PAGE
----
Father & Son Fishing Lessons — Belton Lake, 48 Fish, 09 June 2012

This morning I fished with father and son Ray and Carlos W. of Harker Heights, TX.

This was one of 5 pairs of hybrid Ray and Carlos brought on board. It seemed every time one of our rods went down, another would accompany it, allowing for lots of “doubles” today.

We met at the recent Harker Heights Memorial Day Parade where I had a small booth set up as a part of the Farmers’ Market to advertise the free trips I offer to deployed soldiers’ kids.

When Ray and I first spoke and coordinated this trip, his goal was to improve his own fishing efforts by seeing how I went about locating and fishing for fish on Belton. Ray, who is an active duty NCO, keeps his boat at the BLORA marina, but has had a string of poor luck on trips of his own.

Starting off today, we had very calm, bright conditions (never good on Belton). We encountered a bit of topwater action at between Areas 014 and 010. The fish moved from east to west as the skies brightened. We boated 18 fish from this fairly aggressive topwater action before boat pressure and the intense sun put the fish down. The fish we caught responded well to Cork Rigs.

Next, we searched far and wide for signs of suspended fish now that the thermocline is definitely setting up around 31 feet. We managed 1 hybrid from above the thermocline in open water, but saw little bait in this particular area, and so moved on.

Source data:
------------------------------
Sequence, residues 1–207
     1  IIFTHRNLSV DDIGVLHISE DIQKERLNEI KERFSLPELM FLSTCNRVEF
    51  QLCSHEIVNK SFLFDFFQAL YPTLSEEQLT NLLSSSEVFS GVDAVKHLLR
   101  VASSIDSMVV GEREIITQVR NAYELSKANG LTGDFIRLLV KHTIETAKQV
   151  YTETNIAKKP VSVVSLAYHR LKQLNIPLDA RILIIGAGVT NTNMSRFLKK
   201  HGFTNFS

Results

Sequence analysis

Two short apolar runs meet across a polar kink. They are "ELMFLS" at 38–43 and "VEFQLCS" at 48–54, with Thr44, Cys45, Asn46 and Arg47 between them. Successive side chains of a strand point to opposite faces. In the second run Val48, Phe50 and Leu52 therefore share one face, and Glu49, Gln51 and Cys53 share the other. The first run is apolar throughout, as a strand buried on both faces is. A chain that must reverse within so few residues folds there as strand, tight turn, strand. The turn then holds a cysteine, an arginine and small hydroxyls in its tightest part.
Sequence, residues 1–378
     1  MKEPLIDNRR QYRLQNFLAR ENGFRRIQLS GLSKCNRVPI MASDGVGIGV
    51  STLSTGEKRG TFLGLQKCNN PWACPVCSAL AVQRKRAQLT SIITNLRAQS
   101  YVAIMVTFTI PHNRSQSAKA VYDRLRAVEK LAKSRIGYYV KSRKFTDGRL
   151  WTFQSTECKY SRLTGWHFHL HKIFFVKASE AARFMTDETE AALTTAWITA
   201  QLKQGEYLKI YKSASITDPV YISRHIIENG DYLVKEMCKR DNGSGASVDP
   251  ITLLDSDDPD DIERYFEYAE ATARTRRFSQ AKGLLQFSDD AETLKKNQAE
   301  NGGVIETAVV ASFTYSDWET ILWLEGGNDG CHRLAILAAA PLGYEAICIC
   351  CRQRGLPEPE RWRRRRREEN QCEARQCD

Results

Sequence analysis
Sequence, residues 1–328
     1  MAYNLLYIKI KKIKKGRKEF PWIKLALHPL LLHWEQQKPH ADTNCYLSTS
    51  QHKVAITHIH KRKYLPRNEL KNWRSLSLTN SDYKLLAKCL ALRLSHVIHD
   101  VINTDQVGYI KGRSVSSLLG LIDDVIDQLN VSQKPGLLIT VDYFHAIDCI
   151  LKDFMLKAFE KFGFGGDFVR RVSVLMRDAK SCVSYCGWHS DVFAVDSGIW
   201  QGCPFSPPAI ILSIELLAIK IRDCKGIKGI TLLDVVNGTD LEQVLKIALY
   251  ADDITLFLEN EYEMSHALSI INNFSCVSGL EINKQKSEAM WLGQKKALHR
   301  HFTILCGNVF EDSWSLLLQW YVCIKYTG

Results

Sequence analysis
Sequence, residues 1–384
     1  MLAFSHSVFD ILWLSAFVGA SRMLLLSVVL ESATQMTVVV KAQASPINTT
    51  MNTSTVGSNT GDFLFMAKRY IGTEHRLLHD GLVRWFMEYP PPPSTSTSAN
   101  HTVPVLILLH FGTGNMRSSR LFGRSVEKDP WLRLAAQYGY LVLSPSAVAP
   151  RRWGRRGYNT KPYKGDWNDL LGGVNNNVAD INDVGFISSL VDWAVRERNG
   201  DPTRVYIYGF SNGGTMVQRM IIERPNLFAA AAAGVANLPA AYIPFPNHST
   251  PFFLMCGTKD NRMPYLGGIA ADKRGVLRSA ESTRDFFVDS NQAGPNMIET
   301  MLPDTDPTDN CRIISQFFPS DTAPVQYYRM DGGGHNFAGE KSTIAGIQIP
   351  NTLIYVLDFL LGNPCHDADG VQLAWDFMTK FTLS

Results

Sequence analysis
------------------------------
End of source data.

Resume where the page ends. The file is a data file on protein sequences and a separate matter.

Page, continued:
We found solid gamefish and baitfish marks on sonar in the vicinity of Area 844, down around 24 feet. We began working these fish over with downriggers. We found small Pet Spoons did the best job of imitating the very small, young of the year shad that the fish we caught were regurgitating. I initially had one Pet Spoon and 1 umbrella rig on, but we went with tandem Pets and did well once we made the adjustment. We boated a total of 9 fish here before the loose school dissipated. When this happened, and given the surface was still calm and the sun was still bright, we switched over to live bait and slowed down to match the mood of the fish.

We picked up 3 hybrid right on Area 844 before that, too, slowed down.

We ended our trip with a bang, finding a very active school of hybrid near a breakline at Area 1097 in 28 feet of water, and at a time when the wind began to blow. These fish were in feeding posture — grouped together, and about 18″ off bottom. We got in a hover over top of the fish, and before we could get the 2nd of our 4 bait rods down, the first rod went down very powerfully. Long story short, over the next hour, we boated a total of 18 fish here including 15 hybrid, 2 largemouth, and 1 drum.

We had more bait on board and I was ready to keep fishing, but, a previous engagement meant the fellows had to be back on the dock at noon, so, we called it a day at high noon with 48 fish to show for our efforts. Ray was very appreciative of the time we spent going over how the sonar and downrigger system works together, and how all the “details” of the lure selection, downrigger release clip setup, setback distance, etc., etc. all work together to allow for consistent success.

TALLY = 48 FISH, all caught and released

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Start Time: 6:15a

End Time: 12:00 noon

Air Temp: 74F at trip’s start.

Water Surface Temp: 82.1F

Wind: Winds were calm at sunrise, then picked up from the ENE at 7-8 around 10:30am

Skies: Skies were fair and cloudless as our low pressure moved to the east.